We still have wars, poverty, mental illness, and illiteracy. We have prolonged life at the cost of prolonging death. Basic amenities, growing with each successive generation, for some are never enough.
It's a good reflective book that opens one's mind to all that we have lost and have little we have progressed in developing our humanity. We have more but are less for it.
The San Francisco Chronicle Online Book Club chose Emily Barton's "The testament of Yves Gundron" for it's 1/16 - 2/19 selection. Please join us by chiming in our online bulletin board. We would love to hear any additional thoughts that you might have.
As the novel moved toward what I understood to be the inevitable outcome, I became more and more reluctant for it to end. Despite the difficult choices she poses for her characters (and her readers), Ms. Barton has written a story that is easy and satisfying to read. I look forward with pleasure to her next novel!
Yves' brother Mandrik is the only Mandragonian in memory to have ventured into the unknown world beyond -- and he returned a holy man bearing fruit trees and tales of Indo-China. The reader must accept the peculiar lack of curiosity Mandragonians have about the world outside their tiny fief as normal human behavior -- a heavy suspension-of-disbelief burden to bear.
Yves and his neighbors prosper through the increased produce they can grow and transport to market in Nnms, Mandragora's only town. (In Mandragora, farm surpluses are apparently absorbed more easily than elsewhere) Archduke Urbis of Nnms encourages the commerce by enlarging the market square and starting a road paving project.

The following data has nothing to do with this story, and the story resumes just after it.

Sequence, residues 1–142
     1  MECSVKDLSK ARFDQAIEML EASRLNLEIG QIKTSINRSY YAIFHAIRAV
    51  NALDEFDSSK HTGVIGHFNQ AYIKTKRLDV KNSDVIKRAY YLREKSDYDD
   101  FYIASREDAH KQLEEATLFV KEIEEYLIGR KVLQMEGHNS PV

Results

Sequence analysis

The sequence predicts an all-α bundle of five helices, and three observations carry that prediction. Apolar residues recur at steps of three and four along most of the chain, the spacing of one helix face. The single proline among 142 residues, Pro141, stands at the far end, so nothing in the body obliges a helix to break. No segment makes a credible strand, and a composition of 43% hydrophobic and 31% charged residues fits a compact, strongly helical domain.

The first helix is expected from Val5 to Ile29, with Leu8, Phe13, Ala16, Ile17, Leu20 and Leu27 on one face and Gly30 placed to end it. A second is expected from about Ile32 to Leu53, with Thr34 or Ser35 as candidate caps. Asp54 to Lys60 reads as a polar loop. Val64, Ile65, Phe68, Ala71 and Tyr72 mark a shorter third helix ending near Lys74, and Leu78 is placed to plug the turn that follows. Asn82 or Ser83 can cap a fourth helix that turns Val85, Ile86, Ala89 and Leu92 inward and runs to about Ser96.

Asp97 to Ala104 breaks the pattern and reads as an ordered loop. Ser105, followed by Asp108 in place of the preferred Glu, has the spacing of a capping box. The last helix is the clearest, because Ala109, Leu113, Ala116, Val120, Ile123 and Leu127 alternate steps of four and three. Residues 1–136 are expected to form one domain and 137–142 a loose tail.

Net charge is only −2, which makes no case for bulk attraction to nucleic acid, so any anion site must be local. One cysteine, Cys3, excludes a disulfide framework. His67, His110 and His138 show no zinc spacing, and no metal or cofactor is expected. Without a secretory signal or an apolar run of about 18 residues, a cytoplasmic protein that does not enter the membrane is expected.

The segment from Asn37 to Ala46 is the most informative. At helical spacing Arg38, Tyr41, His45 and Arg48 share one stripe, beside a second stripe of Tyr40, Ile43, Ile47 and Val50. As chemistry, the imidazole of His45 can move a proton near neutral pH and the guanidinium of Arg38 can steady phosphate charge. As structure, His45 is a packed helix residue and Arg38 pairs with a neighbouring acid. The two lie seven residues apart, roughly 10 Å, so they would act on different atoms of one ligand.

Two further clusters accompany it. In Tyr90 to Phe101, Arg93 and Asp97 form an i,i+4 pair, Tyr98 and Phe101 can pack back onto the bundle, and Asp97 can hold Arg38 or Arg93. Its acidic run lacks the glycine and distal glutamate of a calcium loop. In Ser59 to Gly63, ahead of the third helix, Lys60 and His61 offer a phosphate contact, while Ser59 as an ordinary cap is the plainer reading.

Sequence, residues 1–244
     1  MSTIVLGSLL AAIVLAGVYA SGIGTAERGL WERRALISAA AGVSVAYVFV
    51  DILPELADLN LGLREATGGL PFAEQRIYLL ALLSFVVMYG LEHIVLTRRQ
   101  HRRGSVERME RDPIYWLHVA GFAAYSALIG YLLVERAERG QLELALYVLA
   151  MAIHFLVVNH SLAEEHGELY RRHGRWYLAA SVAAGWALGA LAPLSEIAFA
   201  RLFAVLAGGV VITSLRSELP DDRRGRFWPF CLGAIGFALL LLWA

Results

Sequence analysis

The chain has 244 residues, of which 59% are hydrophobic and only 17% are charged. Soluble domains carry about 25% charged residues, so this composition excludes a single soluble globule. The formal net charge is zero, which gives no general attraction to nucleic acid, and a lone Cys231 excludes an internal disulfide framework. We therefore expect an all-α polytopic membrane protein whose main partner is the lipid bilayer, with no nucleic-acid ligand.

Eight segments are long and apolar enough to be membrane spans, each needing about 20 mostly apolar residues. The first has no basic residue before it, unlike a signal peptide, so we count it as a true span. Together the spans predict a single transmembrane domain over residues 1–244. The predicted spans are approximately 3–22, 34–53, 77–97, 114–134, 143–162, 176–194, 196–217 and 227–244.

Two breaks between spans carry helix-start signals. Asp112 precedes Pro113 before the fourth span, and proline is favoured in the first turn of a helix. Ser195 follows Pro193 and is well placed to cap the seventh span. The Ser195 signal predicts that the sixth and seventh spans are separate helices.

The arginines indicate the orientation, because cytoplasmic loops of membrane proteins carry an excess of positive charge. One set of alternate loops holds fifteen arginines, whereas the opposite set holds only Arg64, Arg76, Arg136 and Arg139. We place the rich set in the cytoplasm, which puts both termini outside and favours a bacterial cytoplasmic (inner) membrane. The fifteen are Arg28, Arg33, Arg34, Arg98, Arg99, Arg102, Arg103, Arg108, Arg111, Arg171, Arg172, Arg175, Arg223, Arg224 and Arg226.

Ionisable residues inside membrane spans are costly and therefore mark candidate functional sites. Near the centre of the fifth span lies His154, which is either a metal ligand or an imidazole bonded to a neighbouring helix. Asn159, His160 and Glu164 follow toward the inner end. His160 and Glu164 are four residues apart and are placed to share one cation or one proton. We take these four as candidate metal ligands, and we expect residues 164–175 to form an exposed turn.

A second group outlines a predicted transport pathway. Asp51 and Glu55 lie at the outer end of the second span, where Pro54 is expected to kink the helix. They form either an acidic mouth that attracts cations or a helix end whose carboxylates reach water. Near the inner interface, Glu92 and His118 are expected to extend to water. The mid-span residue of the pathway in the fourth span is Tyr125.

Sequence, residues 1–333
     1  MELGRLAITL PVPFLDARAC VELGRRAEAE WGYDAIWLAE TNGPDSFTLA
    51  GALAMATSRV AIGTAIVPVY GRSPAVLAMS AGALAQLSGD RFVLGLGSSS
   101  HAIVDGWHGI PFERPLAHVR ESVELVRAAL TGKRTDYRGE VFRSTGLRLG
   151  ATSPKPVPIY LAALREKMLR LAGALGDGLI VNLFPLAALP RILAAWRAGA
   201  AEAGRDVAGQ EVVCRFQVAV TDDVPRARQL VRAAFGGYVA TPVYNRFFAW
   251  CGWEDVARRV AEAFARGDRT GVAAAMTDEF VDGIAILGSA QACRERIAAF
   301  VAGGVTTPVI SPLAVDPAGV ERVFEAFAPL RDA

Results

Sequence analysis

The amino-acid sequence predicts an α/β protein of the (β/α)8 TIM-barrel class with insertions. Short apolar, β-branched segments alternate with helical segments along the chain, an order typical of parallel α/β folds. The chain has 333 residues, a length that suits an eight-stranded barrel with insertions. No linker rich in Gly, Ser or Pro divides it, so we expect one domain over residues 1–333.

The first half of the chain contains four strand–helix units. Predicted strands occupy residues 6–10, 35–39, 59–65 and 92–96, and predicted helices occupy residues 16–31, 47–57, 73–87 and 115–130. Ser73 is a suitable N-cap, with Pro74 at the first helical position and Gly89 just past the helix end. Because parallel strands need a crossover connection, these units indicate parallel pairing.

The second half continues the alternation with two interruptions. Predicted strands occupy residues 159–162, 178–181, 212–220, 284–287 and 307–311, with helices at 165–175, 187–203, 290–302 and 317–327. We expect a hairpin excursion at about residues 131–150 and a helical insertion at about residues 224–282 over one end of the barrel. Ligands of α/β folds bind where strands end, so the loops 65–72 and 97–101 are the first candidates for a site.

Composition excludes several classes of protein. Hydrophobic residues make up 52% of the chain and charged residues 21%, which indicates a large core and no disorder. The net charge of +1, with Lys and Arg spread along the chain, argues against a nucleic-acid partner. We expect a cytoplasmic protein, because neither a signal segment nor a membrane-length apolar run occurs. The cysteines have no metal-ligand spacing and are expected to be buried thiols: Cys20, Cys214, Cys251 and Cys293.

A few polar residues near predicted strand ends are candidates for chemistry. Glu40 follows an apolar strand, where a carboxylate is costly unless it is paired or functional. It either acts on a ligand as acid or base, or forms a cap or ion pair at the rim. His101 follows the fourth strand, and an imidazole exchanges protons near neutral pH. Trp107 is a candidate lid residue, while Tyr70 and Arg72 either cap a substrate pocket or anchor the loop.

It seems to be the dawn of a golden age. Then a stranger arrives from over the mountains -- the first new arrival since Yves'grandmother. Ruth is her name and she speaks a strange form of English and wears strange clothes. (Her C.V. is eerily similar to that of Ms. Barton, herself) Mandragora will never be the same again.Read more ›
Most Recent Customer Reviews
I wasn't sure what this book was about or where it was taking me, but as the plot unfolds I couldn't put it down and it's now one of my favorite books. Read morePublished on March 26, 2008 by Rather Be Reading
What a fascinating read! Emily Barton's novel is taut, intelligent and just really, really fun. It has some debut-author unevenness, but those bits are forgivable, as the... Read morePublished on August 22, 2005 by careless whiz
Emily's debut novel is startling, inventive and gives the reader opportunities to ask new questions and consider our own lives in the context of history and technology. Read morePublished on May 11, 2005 by S. Geyer
I thoroughly enjoyed Ms. Barton's debut. It's a fresh take on an old concept, told in such a way that you don't want the story to end. Read morePublished on March 1, 2005 by K. Miles
I found this first novel by Emily Barton to be touching, exhilarating, dreamlike and edifying.
The medieval village of Mandragora hides, relatively untouched by the passage of... Read more
I read this book because I had to, but I was suspicious from the very first pages. It has no soul at all: I have got the impression the author picked up the subject and wrote the... Read morePublished on January 30, 2001 by S. Beretta
I have to disagree strongly with all the glowing reviews. It's as if no one has read a novel before Emily Barton's and now they're all excited because they think they're reading... Read morePublished on January 20, 2001
A delightful novel full of pleasant surprises and beautiful prose. The age of invention (at warp speed), religion, death and love are themes that flow through this finely crafted... Read morePublished on November 26, 2000
What a fine book! Smoothly written, well structured, a challenging theme and a wonderful imagined world. One of the best books I have read in 5 or 10 years. Read morePublished on February 28, 2000 by D. C. Carrad